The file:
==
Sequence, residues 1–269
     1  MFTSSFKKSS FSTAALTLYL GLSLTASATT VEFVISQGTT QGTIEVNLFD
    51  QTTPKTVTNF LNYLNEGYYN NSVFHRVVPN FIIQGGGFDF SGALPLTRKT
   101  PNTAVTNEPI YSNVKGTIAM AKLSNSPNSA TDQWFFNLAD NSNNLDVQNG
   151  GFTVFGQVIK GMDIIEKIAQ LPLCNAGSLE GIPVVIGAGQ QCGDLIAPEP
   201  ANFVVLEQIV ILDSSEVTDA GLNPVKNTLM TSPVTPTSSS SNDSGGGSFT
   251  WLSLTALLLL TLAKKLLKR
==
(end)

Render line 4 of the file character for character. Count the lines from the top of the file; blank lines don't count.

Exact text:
   101  PNTAVTNEPI YSNVKGTIAM AKLSNSPNSA TDQWFFNLAD NSNNLDVQNG